By Muyiwa Olayinka
Hong Kong, a country that has a peculiar history. A very rich country that has been administratively controlled by the British, Japanese and the Chinese.
Hong Kong is an autonomous territory, and former British colony, in south-eastern China. Its vibrant, densely populated urban centre is a major port and global financial hub with a skyscraper-studded skyline
It is officially the Hong Kong Special Administrative Region of the People’s Republic of China and an autonomous territory on the Pearl River Delta of China.
British Hong Kong
Hong Kong Island was ceded to Great Britain by the Qing dynasty of China after the First Anglo-Chinese War (1839–42). It was under British Crown rule from 1841 to 1997.
Japanese Hong Kong
It began during second world war when the British surrendered the colony of Hong Kong to the invading Japanese forces on 25 December 1941.
The surrender occurred after 18 days of fierce fighting against the overwhelming Japanese forces that had invaded the territory. The occupation lasted for three years and eight months until Japan surrendered at the end of Second World War.
Chinese Hong Kong
On July 1, 1997, Hong Jong officially became a part of China again after more than 150 years of British rule.
The elaborate handover, completed 20 years ago, marked for many the unofficial end of the British Empire.
London held on to Hong Kong far longer than most of its other colonies as it waited for a 99-year lease, signed in 1898, to expire.
The handover was made on the understanding that communist China would leave Hong Kong’s capitalist, democratic system intact for 50 years under the principle of “one country, two systems”.
Hong Kong 20 yrs after hand over
Hong Kong has seen rapid changes in the 20 years under Chinese rule. The city’s government, along with Chinese officials, have pushed for closer links with the mainland through massive infrastructure projects, changes in education and deeper business ties.
Like much of the world, Hong Kong has also become increasingly politically polarised, with nearly every event seen to harbour a hidden agenda for one side or the other. The two main camps are the pro-Beijing faction which toes the Communist party line and the pro-democracy side that favours greater autonomy for Hong Kong.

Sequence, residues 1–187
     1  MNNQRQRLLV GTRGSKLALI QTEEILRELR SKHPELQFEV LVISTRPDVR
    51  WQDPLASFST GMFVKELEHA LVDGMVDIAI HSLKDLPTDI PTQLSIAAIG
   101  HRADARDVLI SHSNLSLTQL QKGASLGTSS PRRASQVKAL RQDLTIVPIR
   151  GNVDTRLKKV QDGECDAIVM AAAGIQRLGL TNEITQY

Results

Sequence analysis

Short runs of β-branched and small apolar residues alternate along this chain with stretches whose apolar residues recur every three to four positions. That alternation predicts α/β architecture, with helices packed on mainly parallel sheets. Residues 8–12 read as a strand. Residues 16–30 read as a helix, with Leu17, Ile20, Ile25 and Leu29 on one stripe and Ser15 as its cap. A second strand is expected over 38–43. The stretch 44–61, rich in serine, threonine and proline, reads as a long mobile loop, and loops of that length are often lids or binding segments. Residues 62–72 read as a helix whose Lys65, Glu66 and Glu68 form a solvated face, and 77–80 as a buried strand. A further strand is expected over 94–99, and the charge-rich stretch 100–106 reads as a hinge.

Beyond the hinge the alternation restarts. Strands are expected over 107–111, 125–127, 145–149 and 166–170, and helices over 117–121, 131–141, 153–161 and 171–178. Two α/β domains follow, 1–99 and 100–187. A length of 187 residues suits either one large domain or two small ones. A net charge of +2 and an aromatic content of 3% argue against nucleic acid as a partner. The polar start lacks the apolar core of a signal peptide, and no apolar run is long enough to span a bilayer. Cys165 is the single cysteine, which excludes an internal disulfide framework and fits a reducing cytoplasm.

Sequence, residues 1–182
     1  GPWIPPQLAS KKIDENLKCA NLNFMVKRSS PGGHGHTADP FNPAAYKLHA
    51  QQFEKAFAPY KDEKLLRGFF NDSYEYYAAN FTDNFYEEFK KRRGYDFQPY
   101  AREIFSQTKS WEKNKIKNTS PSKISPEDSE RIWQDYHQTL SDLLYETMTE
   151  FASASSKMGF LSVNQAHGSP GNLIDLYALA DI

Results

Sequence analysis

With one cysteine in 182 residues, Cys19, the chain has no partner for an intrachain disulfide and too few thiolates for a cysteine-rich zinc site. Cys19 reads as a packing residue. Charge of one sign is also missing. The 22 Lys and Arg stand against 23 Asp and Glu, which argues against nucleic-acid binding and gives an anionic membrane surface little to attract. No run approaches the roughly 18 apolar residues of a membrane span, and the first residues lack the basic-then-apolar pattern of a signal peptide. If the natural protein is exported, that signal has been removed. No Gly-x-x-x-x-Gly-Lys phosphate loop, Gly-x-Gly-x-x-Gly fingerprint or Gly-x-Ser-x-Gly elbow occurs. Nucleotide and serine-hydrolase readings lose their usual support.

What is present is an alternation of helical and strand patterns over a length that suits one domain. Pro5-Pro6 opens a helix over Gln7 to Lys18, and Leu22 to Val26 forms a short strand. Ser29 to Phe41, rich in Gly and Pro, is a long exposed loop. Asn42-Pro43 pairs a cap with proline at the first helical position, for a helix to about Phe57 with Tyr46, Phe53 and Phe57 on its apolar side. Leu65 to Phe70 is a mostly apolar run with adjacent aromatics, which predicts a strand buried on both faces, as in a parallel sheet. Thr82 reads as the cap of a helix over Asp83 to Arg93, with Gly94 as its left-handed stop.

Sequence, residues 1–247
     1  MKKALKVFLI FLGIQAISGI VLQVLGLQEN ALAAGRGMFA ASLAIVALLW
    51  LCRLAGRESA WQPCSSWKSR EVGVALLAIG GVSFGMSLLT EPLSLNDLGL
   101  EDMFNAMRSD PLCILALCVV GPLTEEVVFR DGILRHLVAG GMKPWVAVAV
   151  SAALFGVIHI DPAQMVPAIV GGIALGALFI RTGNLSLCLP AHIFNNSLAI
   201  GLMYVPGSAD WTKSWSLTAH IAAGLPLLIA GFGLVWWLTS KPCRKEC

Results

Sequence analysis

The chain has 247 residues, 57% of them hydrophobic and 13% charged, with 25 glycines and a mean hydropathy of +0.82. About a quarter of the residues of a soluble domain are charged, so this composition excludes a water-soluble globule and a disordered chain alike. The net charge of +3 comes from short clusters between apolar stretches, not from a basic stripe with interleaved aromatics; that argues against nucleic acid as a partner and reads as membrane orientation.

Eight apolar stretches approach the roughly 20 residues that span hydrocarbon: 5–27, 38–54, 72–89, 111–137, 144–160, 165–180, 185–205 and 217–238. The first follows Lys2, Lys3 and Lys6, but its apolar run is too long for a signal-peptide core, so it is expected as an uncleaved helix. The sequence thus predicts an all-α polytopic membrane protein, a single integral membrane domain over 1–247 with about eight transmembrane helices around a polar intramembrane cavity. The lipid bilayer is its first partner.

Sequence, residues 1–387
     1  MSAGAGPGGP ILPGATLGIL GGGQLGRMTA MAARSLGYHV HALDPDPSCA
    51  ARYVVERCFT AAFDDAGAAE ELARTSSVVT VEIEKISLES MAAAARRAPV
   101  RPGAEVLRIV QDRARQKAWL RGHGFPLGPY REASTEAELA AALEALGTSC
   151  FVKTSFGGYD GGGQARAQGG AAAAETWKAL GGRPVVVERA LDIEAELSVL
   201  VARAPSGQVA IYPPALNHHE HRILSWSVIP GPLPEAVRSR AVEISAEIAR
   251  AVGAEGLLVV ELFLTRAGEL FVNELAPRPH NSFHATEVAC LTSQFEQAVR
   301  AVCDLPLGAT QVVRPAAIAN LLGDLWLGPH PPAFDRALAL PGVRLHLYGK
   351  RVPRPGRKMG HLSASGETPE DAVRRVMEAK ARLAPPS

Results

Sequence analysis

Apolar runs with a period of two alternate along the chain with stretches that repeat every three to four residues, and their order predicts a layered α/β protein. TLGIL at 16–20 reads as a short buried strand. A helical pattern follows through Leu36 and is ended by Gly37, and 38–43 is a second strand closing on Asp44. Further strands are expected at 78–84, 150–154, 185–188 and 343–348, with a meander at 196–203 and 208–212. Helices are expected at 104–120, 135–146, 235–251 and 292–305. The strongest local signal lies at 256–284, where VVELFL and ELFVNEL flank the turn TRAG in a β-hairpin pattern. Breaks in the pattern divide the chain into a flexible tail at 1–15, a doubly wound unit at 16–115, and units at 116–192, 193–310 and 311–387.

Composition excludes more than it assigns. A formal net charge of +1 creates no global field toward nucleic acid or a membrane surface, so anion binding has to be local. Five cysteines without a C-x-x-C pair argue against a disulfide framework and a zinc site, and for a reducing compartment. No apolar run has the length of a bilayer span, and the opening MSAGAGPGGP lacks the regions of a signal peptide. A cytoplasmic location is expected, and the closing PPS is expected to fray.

The 20th anniversary of the handover is no different, on July 1st 2017, with pro-Beijing activists, many of them paid and bussed in, set to celebrate the occasion. At the same time, pro-democracy advocates plan to stage a protest march, a yearly act of defiance against the Chinese leadership.
Chinese President, Xi Jinping arrived in Hong Kong on Thursday 29th June 2017, his first visit since he became the head of government of China, ahead of the 20th anniversary celebration on Saturday July 1st.
Xi said the 20th anniversary of the city’s handover from the United Kingdom to China on July 1 is a huge event “for the country, and for Hong Kong.”
A major reason for the relative calm is that former “Umbrella Movement” leaders and pro capitalist supporters, Joshua Wong, Nathan Law and other activists are languishing in police custody after they were arrested Wednesday night.
The pair were arrested with two dozen others after they occupied Golden Bauhinia Square, where an official flag raising ceremony will take place.
Economy of Hong Kong
The Head of government of Hong Kong is called Chief Executive. Her name is Carrie Lam
Hong Kong is one of the world’s leading international financial centres, Hong Kong’s service-oriented economy is characterized by its low taxation, almost free port trade and well established international financial market.
Hong Kong has had the highest degree of economic freedom in the world since the inception of the Index in 1995. Its economy is governed under positive non-interventionism, and is highly dependent on international trade and finance.
The Hong Kong stock exchange is a favourable destination for international firms and firms from the mainland China to be listed due to Hong Kong’s highly internationalised and modernised financial industry along with its capital market in Asia, its size, regulations and available financial tools, which are comparable to London and New York.
Hong Kong is the seventh largest port in the world and second only to New York in terms of container throughput. Hong Kong is a full Member of World Trade Organization.
The Hong Kong Island skyline is one of the most spectacular cityscapes in the world. New York may boast more skyscrapers but Hong Kong’s are more compact and dramatic when viewed from across the water in Kowloon, over Victoria Harbour. Hong Kong is ranked as the 19th most prosperous region in the world.